I had a Triple A call, it was a couple and they had two children, they were at a gas station, and they must have gotten in an accident. So I had a wheel lift style tow truck. First I called the member, which was a woman, and let her know I’d be there shortly. I made sure she was in a safe location, so I arrived on scene and her husband was black, which really doesn’t matter, but I get there and he was very irate for some reason, and I asked him if we could move the vehicle back, and he says it doesn’t move. Which was kind of funny, because it was nosed into a spot; they must have been involved in an accident somewhere else. I think he was very upset because maybe he smashed his wife’s car, or was involved in an accident or whatever it was. So anyway he said You better check yourself, which that’s slang for You better watch your mouth. At that point, I says seriously? So he took a stance like he was ready to fight me. Meanwhile I had the keys in my hand, and I was 10 or 15 feet away from him. I tossed them in the front seat and I says you can wait here now, got in the truck and left. So he calls my boss saying that I was a racist.

I’m always in Lowell, I always deal with different cultures. And that’s my job. For them to call me a racist, that was a very odd situation, and I’m glad I left there. But most of the time I get along with everybody and people are happy to see me.

When somebody’s on the highway, I always call them: A to confirm their location, and B because some people are stressed out when they’re waiting on the side of the road.

I’ve done all sorts of towing: Police towing, private property removals. Private property removals are very difficult because somebody’s illegally parked in somebody else’s parking lot and I got to tow the car out of there. It’s kind of difficult because a lot of times people will come out as you’re pulling away towing the vehicle, and it starts a big argument. But the way I look at it, if you have a business, say you have a restaurant, and someone wants to go there and eat but they can’t find a parking spot because somebody that’s not even a patron is in their parking lot, well now they lose money, and my job is to move the vehicle.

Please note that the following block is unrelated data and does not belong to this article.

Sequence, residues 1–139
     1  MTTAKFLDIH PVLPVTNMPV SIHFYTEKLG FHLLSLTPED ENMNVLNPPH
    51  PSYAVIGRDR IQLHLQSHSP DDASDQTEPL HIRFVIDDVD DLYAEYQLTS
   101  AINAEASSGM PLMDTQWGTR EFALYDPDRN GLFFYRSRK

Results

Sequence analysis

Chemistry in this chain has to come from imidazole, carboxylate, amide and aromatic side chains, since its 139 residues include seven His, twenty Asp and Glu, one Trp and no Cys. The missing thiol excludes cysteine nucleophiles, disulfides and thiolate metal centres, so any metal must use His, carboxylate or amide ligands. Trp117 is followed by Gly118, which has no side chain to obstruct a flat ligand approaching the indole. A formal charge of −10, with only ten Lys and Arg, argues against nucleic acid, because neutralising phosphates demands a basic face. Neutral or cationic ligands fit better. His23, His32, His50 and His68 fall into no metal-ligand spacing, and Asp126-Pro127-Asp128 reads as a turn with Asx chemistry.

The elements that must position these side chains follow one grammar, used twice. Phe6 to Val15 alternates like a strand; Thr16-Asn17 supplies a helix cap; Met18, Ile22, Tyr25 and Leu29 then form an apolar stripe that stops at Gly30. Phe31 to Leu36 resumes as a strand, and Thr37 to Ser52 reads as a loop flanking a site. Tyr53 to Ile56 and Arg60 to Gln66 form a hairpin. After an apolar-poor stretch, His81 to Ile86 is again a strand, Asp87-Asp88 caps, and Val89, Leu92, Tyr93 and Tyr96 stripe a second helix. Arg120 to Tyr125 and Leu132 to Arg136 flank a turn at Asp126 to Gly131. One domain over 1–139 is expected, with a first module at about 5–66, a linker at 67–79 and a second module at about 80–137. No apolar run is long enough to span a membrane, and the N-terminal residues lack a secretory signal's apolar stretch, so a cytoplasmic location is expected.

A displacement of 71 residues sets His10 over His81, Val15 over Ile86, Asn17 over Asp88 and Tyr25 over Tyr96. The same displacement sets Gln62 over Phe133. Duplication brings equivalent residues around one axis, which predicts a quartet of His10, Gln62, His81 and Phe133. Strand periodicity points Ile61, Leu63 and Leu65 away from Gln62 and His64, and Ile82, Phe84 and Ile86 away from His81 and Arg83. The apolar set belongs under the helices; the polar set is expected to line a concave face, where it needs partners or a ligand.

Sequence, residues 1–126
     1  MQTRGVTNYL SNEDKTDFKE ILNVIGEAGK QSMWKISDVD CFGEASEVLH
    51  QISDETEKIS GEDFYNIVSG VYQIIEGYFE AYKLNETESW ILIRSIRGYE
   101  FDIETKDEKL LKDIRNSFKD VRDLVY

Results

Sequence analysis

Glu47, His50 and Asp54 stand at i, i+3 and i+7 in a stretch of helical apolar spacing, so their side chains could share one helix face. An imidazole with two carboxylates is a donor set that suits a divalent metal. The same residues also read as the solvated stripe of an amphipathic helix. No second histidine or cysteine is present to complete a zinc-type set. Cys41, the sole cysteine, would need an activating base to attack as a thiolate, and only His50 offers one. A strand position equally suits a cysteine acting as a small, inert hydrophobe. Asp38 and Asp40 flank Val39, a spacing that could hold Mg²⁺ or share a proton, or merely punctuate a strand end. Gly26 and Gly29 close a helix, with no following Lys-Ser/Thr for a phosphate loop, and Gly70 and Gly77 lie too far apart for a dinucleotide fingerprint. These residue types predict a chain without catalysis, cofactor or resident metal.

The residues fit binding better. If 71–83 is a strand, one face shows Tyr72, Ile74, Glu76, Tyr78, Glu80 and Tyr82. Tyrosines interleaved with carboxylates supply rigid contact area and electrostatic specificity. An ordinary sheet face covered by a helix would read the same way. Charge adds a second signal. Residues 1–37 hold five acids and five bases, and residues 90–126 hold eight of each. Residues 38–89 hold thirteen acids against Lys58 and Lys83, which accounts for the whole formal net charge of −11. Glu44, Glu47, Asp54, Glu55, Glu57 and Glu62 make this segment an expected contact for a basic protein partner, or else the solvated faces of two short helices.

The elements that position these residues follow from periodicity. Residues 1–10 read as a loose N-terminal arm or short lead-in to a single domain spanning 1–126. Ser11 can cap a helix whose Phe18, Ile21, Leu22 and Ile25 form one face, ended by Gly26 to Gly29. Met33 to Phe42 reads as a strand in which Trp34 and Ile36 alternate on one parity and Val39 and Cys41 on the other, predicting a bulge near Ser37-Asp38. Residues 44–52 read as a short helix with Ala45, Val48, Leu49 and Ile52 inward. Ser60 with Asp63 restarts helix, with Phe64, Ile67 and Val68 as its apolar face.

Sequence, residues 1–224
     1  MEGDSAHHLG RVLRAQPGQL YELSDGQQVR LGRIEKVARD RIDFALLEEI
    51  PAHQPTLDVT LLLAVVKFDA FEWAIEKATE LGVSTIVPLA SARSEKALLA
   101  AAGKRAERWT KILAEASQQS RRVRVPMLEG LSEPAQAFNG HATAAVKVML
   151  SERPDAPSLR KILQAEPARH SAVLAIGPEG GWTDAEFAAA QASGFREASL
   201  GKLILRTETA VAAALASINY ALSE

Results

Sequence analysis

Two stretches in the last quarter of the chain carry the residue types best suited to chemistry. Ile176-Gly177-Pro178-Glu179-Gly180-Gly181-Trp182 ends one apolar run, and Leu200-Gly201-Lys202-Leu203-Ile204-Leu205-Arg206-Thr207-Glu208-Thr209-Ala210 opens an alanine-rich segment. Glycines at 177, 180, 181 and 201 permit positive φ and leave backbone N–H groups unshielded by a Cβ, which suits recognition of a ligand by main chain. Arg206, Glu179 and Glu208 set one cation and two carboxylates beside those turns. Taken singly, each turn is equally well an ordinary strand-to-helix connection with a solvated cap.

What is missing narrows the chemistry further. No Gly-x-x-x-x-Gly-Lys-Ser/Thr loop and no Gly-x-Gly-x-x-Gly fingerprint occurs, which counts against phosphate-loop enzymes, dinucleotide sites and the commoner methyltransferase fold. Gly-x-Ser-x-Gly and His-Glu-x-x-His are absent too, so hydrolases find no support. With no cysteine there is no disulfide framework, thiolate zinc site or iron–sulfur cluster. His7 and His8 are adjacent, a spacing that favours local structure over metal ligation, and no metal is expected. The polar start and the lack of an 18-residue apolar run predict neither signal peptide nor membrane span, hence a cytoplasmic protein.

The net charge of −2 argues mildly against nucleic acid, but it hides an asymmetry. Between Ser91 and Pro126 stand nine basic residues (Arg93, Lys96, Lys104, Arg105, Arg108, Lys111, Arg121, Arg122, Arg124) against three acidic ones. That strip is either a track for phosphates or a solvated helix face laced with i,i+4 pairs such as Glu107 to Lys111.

The biggest issue I have with people, and especially Triple A members is they don’t understand what we have to do. A lot of times I’m a 24-hour driver. Which means if you broke down at one in the morning I would get out of bed, get in the truck, on call. They act like, they call, and I might have five calls ahead of them. I might have somebody on the highway; the person who’s stranded on the highway’s more important than your car in your driveway and you want to bring it to the dealership. And sometimes people don’t understand.

There’s not one truck for every Tiple A member.

The image of the towing industry is very bad. Because of parking lot towing and stuff like that. You got to treat everybody’s vehicle like it was your own. It doesn’t matter if you tow a Mercedes or a Toyota Corolla, that’s somebody’s vehicle, and your job is to bring it to where they want it to go safely and without damaging it. You have to put care into your work and pay attention and double check things. When you do it for awhile you don’t really have to think about that; there’s no money in damaging cars.

You do the calls as quick as you can. You never know what’s going to happen. It’s not a 9 to 5 job. I got Wednesday night, Thursday night, and every other Sunday [off from work]. I have two days off a month. Probably like four large cups a day [of coffee]. Sometimes more. Coffee really doesn’t wake me up at all, I just like drinking it.

I’ve done all phases of towing. Police, private property removals, recoveries, stuff off road. Accounts, dealerships, other motor clubs.